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Crisis Group Welcomes New President & CEO Robert Malley
Crisis Group Welcomes New President & CEO Robert Malley
President Maduro’s Likely Re-election in Breadline Venezuela
President Maduro’s Likely Re-election in Breadline Venezuela
Robert Malley speaks at a joint Crisis Group and Chatham House event on 20 November 2017. He takes over as Crisis Group's president on 1 January 2018. CRISISGROUP/JDDL
Media Release

Crisis Group Welcomes New President & CEO Robert Malley

The International Crisis Group is pleased to announce that Robert Malley will be our organisation’s next President & Chief Executive Officer.

Malley, currently Vice President for Policy, will take over from outgoing President & CEO Jean-Marie Guéhenno from 1 January 2018. Malley was formerly Crisis Group’s Middle East and North Africa Program Director and most recently was a Special Assistant to former U.S. President Barack Obama as well as Senior Adviser to the President for the Counter-ISIL Campaign, and White House Coordinator for the Middle East, North Africa and the Gulf region. Previously, he served as President Bill Clinton’s Special Assistant for Israeli-Palestinian Affairs.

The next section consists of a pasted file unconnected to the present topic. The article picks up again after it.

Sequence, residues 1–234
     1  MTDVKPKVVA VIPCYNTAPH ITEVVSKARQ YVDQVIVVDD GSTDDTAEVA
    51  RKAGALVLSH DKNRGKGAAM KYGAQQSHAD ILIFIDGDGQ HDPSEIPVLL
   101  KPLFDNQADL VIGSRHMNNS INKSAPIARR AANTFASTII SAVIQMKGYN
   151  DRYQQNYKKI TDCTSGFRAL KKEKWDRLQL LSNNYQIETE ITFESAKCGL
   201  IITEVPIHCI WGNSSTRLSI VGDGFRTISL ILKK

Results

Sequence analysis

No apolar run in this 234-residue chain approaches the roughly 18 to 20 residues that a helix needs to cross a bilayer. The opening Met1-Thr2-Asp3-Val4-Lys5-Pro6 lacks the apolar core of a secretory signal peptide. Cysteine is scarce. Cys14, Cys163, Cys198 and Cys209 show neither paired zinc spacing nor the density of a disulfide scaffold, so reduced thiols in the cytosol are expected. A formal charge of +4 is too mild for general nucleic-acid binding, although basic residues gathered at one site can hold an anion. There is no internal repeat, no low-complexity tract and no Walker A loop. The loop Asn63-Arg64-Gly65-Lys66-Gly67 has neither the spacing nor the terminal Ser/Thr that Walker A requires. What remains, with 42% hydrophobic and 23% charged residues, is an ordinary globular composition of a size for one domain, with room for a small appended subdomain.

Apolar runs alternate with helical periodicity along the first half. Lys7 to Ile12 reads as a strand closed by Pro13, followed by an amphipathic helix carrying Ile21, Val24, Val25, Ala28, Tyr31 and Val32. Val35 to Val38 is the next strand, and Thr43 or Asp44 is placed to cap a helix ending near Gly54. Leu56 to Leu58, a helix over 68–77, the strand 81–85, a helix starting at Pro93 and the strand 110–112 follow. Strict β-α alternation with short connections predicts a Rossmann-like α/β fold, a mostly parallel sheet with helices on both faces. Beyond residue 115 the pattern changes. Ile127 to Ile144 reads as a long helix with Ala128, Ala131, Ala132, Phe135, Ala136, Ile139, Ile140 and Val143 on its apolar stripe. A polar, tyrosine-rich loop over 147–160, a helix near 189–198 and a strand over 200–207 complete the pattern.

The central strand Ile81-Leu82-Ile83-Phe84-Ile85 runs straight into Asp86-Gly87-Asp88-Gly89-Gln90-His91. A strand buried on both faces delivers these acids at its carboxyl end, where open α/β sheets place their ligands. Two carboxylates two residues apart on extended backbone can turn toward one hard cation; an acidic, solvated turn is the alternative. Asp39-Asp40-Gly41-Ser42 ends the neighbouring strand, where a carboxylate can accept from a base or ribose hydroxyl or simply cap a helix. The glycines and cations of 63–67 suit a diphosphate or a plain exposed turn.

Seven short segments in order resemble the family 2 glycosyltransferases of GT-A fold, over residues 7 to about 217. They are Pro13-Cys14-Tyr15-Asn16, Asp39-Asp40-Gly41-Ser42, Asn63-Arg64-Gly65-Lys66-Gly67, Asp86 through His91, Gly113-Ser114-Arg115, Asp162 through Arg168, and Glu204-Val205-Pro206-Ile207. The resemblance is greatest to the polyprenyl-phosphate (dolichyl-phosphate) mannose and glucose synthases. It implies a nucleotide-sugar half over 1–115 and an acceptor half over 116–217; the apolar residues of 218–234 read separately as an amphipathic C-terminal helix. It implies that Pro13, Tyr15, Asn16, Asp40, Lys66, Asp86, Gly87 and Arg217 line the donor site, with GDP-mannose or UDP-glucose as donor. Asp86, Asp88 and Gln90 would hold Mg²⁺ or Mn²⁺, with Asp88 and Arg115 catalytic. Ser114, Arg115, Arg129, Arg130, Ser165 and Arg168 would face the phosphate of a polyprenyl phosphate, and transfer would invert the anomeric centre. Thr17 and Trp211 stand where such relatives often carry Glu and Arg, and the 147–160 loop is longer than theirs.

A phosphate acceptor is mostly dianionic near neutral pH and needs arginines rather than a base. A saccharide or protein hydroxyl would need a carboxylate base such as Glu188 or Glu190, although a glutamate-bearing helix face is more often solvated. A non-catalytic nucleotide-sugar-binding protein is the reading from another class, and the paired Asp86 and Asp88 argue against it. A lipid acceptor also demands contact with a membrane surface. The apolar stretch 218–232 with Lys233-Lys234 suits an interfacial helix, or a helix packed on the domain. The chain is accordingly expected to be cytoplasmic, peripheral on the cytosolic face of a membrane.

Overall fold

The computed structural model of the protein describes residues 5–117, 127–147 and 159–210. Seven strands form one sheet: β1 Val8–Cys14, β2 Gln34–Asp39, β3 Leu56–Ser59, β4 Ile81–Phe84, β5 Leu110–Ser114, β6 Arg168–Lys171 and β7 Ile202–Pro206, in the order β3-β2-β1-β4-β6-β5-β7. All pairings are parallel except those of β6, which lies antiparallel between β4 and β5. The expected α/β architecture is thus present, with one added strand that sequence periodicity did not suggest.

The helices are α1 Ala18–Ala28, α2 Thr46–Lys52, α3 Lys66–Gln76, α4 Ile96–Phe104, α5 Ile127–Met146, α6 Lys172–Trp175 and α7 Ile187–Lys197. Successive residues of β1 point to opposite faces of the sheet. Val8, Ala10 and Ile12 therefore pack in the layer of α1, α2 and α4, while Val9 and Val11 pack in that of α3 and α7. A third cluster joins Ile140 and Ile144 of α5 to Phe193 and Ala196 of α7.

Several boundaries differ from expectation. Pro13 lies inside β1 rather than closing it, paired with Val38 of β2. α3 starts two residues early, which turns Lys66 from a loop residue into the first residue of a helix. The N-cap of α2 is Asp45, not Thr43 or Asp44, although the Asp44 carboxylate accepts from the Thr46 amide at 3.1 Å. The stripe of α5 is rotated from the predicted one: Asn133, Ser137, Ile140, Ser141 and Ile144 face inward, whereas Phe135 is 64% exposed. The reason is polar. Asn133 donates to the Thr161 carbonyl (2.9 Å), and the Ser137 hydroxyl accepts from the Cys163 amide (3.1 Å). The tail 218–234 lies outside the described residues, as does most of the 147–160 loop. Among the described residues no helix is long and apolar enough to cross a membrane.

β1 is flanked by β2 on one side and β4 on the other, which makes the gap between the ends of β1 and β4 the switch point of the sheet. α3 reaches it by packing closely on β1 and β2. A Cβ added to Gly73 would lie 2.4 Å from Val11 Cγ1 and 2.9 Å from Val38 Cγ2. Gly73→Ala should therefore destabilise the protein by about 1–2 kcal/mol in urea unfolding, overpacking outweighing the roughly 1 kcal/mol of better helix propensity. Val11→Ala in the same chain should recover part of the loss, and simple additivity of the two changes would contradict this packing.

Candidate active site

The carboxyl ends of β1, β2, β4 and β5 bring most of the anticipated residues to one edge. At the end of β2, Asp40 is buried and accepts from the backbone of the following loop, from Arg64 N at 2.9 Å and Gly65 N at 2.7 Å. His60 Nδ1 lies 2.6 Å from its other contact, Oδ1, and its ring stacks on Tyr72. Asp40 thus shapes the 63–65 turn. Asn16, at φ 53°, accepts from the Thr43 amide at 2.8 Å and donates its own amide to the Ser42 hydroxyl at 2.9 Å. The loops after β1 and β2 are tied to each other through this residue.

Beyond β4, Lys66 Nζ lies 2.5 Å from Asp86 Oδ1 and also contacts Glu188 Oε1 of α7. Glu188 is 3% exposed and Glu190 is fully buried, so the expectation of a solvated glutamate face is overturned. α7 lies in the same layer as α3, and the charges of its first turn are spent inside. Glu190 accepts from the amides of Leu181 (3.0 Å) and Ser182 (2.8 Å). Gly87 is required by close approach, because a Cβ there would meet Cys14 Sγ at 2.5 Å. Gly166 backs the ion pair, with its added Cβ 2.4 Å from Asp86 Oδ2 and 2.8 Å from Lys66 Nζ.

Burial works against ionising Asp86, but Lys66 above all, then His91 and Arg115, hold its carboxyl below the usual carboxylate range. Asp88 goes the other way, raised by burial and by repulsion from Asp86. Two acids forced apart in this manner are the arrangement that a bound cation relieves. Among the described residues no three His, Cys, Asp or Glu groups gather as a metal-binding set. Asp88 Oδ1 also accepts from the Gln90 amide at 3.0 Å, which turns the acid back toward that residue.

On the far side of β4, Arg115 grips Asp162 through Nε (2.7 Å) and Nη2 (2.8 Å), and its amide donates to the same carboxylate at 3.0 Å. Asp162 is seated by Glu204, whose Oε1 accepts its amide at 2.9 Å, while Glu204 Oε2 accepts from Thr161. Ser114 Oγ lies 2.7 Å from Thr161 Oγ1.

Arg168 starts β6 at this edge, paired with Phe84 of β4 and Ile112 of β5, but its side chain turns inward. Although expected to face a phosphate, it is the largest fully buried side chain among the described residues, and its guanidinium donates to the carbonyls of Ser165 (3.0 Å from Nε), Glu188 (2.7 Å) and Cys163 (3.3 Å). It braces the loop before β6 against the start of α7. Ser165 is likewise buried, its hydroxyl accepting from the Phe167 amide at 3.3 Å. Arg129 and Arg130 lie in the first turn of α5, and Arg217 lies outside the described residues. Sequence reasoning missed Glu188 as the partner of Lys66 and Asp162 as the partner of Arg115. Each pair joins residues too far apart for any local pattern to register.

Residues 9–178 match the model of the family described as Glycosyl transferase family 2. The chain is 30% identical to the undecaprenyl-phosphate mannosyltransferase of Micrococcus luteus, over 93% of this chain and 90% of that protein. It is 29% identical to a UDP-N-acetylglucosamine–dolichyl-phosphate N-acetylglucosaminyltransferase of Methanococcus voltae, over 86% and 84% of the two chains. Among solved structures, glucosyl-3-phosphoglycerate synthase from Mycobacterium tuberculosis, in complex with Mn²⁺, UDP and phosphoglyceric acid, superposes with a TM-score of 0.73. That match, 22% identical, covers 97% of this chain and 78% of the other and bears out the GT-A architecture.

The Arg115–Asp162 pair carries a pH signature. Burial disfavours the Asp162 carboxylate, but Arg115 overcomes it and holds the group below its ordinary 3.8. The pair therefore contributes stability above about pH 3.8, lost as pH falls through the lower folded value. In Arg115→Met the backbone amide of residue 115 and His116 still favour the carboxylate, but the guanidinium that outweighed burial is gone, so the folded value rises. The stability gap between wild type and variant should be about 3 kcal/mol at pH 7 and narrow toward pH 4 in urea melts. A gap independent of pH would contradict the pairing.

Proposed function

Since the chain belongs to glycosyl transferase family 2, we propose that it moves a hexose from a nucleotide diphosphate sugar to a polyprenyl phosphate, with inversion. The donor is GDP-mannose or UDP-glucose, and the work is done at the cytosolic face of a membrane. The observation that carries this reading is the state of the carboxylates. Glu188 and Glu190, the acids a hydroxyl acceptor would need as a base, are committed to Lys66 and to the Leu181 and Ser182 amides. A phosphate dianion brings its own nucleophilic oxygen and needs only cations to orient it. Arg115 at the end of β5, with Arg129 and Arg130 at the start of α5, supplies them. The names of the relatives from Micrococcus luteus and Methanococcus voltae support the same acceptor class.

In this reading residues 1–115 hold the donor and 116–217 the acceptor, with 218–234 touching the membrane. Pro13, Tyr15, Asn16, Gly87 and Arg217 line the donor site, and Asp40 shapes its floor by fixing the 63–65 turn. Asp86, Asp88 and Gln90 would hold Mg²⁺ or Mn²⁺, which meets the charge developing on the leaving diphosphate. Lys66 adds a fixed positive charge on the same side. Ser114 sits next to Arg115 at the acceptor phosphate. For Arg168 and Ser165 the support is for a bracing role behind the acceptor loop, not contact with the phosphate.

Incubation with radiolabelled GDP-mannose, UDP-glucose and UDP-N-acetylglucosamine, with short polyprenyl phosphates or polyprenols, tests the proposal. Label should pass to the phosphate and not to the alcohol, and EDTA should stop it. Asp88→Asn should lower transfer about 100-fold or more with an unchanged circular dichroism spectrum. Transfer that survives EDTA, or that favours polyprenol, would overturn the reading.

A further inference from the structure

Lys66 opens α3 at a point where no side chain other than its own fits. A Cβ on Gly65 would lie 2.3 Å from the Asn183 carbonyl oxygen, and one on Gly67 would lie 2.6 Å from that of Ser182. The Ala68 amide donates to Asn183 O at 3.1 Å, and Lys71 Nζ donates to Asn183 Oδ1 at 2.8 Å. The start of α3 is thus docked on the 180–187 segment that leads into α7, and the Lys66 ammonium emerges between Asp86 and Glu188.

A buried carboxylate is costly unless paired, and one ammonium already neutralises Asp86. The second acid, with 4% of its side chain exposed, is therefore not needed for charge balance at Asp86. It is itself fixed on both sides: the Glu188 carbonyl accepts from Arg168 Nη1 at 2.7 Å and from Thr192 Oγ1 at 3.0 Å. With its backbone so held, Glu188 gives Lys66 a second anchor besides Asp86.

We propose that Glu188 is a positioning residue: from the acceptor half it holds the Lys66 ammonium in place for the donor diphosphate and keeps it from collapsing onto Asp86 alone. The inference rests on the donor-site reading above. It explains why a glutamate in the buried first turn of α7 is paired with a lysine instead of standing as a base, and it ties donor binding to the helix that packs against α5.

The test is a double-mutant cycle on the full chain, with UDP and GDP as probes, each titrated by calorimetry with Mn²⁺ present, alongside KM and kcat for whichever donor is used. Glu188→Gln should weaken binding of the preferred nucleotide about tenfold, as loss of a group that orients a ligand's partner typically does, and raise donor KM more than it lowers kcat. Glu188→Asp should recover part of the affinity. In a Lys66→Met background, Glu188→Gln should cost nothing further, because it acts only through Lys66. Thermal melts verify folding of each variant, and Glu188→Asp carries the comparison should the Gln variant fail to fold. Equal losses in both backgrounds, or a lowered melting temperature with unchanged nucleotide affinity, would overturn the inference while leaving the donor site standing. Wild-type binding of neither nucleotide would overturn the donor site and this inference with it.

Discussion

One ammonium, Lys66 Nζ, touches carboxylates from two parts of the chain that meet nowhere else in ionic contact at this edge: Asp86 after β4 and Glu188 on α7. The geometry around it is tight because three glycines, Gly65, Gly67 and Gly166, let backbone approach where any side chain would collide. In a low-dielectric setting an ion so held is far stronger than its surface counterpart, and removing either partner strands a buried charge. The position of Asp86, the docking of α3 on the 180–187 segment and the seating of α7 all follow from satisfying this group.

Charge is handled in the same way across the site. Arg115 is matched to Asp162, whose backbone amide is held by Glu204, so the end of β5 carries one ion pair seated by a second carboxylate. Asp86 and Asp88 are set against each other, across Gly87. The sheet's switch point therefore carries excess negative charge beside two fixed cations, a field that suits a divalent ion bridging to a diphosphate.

I especially look forward to leading Crisis Group’s extraordinary field staff as they work to help prevent or resolve more than 50 deadly crises and conflicts around the world.
Robert Malley takes over as Crisis Group's President and CEO on 1 January 2018.

“I’m honoured and excited to have been chosen to shape the future of such a uniquely valuable, global organisation of which I have been a part for over twelve years. I especially look forward to leading Crisis Group’s extraordinary field staff as they work to help prevent or resolve more than 50 deadly crises and conflicts around the world”, Malley said.

“What makes Crisis Group special is its presence on the ground, its ability to talk to all parties in conflict, and its focus on providing credible facts, rigorous analysis and practical recommendations”, Malley added. “I shall resolutely defend our independence and our commitment to making a difference by sounding alarm bells, advocating effective policies and challenging orthodoxy. And, working with our entire team, I will strive to find new ways to ensure that Crisis Group has as strong an impact as possible as we tackle the world’s most intractable as well as its more forgotten conflicts”.

“This is an excellent new beginning for Crisis Group, and we will seize on the opportunity to build further on our strong and effective track record”, said Lord Malloch-Brown, Chair of Crisis Group’s Board of Trustees. “Rob Malley brings just the right mix of highly relevant experience of both government policymaking and field work within our organisation, and the Board of Trustees looks forward to giving him all support in his new role”.

Venezuela's President Nicolas Maduro speaks during a campaign rally in Caracas, Venezuela on 4 May 2018. REUTERS/Carlos Garcia Rawlins

President Maduro’s Likely Re-election in Breadline Venezuela